The first day of summer 2013 in the United States, the longest day of the year, still has less sunlight than northern Norway right now. Territories in the arctic circle have, effectively, 60 first days of summer.
Courtesy of Saleha Mohsin
Today the sun will shine for 18 hours, 50 minutes and 1 second.
Now I realize that in December, when the days are short and the imposing darkness begins to wear on me, I’ll regret having said this: I’m tired of the sun. My body needs the kind of peace that only a dark, starry night can provide.
At first I was looking forward to being in Oslo on June 21, the longest day of the year. The best remedy for a grim Norwegian winter is the buildup to the summer solstice. But I went on a whirlwind trip with the Foreign Press Association into the Arctic Circle where, for five days, I didn’t see a cloud in the sky. Just the intense, bright yellow sun. In northern Norway towns like Kirkenes, Honningsvåg, and Vardø, the sun doesn’t set for 60 days. Even when the peak of the midnight sun has passed, twilight increases by just 40 minutes each day. There isn’t a proper dark night from April through August.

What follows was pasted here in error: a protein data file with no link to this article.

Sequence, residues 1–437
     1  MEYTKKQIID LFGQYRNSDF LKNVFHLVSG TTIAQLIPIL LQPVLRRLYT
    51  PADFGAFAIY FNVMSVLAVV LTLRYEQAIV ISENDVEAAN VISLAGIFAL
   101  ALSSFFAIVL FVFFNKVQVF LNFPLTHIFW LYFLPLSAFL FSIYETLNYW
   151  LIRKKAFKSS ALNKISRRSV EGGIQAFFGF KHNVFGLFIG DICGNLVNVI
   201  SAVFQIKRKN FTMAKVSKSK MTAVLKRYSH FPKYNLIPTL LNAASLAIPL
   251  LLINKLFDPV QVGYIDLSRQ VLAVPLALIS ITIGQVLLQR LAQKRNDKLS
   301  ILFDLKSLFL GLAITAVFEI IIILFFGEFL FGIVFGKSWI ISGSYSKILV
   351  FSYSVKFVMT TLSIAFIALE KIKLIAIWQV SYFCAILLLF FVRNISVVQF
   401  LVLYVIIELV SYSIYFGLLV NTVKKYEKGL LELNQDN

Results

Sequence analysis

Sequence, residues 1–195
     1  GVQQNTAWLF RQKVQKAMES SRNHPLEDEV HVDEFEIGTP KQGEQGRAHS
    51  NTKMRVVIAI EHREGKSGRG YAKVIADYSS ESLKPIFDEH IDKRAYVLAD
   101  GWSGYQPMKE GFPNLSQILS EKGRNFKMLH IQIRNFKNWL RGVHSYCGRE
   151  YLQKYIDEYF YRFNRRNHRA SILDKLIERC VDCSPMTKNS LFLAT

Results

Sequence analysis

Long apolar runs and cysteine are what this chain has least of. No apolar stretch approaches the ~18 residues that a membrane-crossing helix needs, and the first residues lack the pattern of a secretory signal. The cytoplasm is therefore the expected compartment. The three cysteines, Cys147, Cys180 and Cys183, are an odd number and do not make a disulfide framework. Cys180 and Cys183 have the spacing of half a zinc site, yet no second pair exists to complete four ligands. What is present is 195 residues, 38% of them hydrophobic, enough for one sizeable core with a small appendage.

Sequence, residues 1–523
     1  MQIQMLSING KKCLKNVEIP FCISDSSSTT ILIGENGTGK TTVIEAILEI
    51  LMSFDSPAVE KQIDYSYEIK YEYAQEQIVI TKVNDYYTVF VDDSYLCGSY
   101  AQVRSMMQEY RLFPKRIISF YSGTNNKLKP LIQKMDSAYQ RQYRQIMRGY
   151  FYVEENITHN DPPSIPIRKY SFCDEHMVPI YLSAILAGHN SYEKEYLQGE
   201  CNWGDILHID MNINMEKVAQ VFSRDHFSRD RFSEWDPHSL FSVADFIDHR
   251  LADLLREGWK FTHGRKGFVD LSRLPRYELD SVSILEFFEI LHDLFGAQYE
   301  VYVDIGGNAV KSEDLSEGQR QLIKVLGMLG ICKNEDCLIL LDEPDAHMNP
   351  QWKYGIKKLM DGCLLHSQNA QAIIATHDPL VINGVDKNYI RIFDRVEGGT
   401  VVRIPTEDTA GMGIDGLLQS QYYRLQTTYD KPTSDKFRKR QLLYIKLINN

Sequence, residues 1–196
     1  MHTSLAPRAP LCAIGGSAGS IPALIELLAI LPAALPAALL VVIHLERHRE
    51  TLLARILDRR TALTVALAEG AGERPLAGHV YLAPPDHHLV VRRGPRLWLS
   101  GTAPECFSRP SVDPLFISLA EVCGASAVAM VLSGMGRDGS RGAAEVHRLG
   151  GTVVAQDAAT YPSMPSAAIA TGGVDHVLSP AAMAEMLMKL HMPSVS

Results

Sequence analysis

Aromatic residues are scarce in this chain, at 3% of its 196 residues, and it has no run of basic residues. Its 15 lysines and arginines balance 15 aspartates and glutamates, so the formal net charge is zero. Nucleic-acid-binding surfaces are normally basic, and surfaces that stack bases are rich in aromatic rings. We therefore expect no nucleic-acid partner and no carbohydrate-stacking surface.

The first two days I was charmed by the whole thing. Sunshine all the time! Having to wake up about four hours earlier than I’d like didn’t feel so tough because the brightness and surprisingly warm weather lifted my spirits.
After a few days I started to feel tired. The sun was there when I got up at 6am for a press conference with the prime ministers of Russia and Norway, and at 2pm when we drove to the Norwegian-Russian border for a ceremony. When I clambered into bed at 11pm, I could see the sunshine bursting through the ineffective hotel curtains. My eyes opened for a moment around 3am and the blazing sun made me feel like I had fallen asleep watching television in the middle of the day. Even after eight hours of sleep I still felt like all I’d had a power-nap.